A question that commonly comes up when caring for someone with dementia is "Do I have to tell them the truth, even if it will upset them?" This especially arises when the person has forgotten that a loved one has passed away or some other painful event has occurred.
Caregivers quickly notice that telling the person with dementia over and over again that this sad thing has happened is very upsetting to both sides...it's hard to hear, and being the bearer of bad news is an unwelcome task. It can also be hard for you to have to revisit an event that might have hurt you as well. And it makes sense that it would be painful over and over again for the person with dementia: every time they are hearing it, it is as if for the first time. So it can feel cruel to keep breaking their heart with each telling. And I would agree that it is.
It can also be so hard to feel like you have to "lie" to a loved one, but when telling them the truth over and over again because they've forgotten hurts them, you don't want to do that either. I advocate for a middle ground.
In most cases, I would be sure they've heard the full truth once, because they have the right to know about the important things that happen in their lives, even if they are painful. It is part of being human, and they are allowed the fullness of that experience. In telling them the truth, you would want to be careful to take into consideration what they can take in and be sensitive to their cognitive abilities--simplify your language and the information, go slowly, repeat as necessary, and of course offer support and comfort.
But after that, if they ask again and appear to have forgotten what you've told them, I would use other approaches to spare them, and yourself, unnecessary pain.
An approach I like whenever possible rather than answering the question directly is talking about the feelings behind their question. If they are asking about someone who has died, simple statements like "You really miss her" or "It would be so nice if he could be here" or "Having her here would bring you a lot of comfort," can give them peace, especially as they lose their ability to put their feelings into words themselves.
You can also use it as a springboard to talk about memories they have of that person that they can still access. If they are at a point where pulling up memories on their own is hard, you can share some of your own and see if they can join you. "Do you remember the time...?" or "I always loved the way she..." or "The trip we all took to Disney was really special." It's also okay if the memories that they have don't seem entirely accurate, as their brain might be doing its best to fill in the blanks.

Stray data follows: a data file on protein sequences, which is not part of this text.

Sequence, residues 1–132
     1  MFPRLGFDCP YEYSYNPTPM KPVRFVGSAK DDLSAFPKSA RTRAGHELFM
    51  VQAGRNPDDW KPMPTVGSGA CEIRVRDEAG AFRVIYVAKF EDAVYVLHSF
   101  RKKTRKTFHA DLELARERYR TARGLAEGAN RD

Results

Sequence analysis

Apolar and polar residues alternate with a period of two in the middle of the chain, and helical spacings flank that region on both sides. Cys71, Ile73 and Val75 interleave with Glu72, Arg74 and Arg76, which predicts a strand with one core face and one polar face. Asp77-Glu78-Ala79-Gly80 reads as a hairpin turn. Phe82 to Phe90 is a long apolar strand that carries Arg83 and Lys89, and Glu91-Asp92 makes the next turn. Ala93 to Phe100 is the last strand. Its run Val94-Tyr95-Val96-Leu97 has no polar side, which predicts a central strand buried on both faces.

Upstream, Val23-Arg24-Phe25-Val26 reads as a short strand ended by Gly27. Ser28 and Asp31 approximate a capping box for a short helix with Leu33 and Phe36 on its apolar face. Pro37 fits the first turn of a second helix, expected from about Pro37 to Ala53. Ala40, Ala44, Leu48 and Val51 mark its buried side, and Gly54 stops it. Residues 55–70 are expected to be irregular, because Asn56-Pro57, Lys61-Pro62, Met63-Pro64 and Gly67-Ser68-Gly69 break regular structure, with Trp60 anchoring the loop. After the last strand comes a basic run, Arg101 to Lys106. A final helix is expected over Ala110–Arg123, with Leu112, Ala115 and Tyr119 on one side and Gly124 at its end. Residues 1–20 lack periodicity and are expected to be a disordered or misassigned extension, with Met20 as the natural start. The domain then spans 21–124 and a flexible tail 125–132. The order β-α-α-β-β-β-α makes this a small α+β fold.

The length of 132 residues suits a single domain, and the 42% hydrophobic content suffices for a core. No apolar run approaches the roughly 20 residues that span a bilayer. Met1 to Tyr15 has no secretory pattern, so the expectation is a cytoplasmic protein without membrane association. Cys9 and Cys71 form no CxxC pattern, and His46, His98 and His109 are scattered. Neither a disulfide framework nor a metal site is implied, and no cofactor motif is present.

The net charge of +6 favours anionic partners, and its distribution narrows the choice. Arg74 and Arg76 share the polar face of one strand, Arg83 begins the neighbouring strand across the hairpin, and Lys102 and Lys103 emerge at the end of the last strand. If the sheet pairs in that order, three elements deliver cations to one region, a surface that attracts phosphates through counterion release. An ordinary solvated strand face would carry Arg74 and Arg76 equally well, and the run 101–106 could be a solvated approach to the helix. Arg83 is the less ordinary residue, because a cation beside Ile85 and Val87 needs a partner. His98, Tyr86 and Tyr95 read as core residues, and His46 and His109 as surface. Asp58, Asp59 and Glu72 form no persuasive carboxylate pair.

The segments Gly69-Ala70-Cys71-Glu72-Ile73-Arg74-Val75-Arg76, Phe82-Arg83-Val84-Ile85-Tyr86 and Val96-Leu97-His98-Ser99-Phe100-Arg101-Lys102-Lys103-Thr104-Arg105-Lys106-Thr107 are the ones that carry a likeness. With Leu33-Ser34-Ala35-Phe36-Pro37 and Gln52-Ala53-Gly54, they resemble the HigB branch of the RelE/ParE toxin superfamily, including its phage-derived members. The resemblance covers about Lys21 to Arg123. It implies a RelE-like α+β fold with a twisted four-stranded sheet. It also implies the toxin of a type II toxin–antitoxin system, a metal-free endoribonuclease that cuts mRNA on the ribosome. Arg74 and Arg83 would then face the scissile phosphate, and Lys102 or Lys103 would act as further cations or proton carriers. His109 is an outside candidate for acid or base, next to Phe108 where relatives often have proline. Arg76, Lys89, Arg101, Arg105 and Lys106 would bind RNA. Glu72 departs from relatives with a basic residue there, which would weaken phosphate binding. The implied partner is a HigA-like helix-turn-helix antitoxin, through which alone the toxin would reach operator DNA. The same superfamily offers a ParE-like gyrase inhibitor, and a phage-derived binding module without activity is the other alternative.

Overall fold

Or if they are being insistent that some task be done by someone who has passed away (or even just isn't available), being kind, reassuring, and gentle but firm can go a long way. Simple saying "I'm so sorry he can't be here to do this right now. I'm here. You're safe," validates that you hear them.
A very helpful add-on strategy to all of the above is redirection to get their attention elsewhere. Especially if they seem "stuck" on a question and ask it often. You start by meeting them where they are in the conversation, and then help them shift direction. For example, "We always loved going to the beach together. What do you like about going to the beach?" and then continuing the conversation about the beach...or whatever you think interests them or gets them engaged elsewhere. Or "You really miss her. I miss her too. You know who I've been wanting to see this week?" and continue about a friend who visits. You can also redirect them to an activity that will engage them.
These painful questions can be a tough issue. Finding this middle ground where you don't have to hurt them with the truth (more than once) and don't have to lie to them either can hopefully give you more peace of mind in your interactions with your loved one.